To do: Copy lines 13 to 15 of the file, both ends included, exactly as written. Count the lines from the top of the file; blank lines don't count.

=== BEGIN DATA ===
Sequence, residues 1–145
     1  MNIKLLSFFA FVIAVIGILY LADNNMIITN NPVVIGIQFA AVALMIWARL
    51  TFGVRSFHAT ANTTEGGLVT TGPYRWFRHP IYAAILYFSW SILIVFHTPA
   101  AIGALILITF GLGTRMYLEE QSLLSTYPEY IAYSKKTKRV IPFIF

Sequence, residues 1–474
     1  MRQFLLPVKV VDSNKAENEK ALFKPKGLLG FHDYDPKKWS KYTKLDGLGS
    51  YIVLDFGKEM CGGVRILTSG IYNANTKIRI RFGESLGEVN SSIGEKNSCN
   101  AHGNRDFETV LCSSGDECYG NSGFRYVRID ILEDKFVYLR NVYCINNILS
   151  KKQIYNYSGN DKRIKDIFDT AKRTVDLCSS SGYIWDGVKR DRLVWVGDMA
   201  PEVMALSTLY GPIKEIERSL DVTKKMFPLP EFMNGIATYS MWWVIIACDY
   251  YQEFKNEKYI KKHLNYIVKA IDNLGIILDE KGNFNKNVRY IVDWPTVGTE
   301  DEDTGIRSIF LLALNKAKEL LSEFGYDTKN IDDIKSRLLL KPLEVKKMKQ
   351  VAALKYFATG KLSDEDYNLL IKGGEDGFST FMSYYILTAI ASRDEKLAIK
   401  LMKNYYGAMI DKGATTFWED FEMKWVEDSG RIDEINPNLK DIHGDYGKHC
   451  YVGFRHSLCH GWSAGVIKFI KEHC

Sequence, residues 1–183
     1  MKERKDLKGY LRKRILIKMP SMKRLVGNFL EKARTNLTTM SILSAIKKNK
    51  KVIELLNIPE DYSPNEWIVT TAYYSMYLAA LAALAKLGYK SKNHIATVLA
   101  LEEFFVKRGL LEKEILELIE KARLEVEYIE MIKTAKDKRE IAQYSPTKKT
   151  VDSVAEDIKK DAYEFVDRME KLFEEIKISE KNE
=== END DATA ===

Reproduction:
   351  VAALKYFATG KLSDEDYNLL IKGGEDGFST FMSYYILTAI ASRDEKLAIK
   401  LMKNYYGAMI DKGATTFWED FEMKWVEDSG RIDEINPNLK DIHGDYGKHC
   451  YVGFRHSLCH GWSAGVIKFI KEHC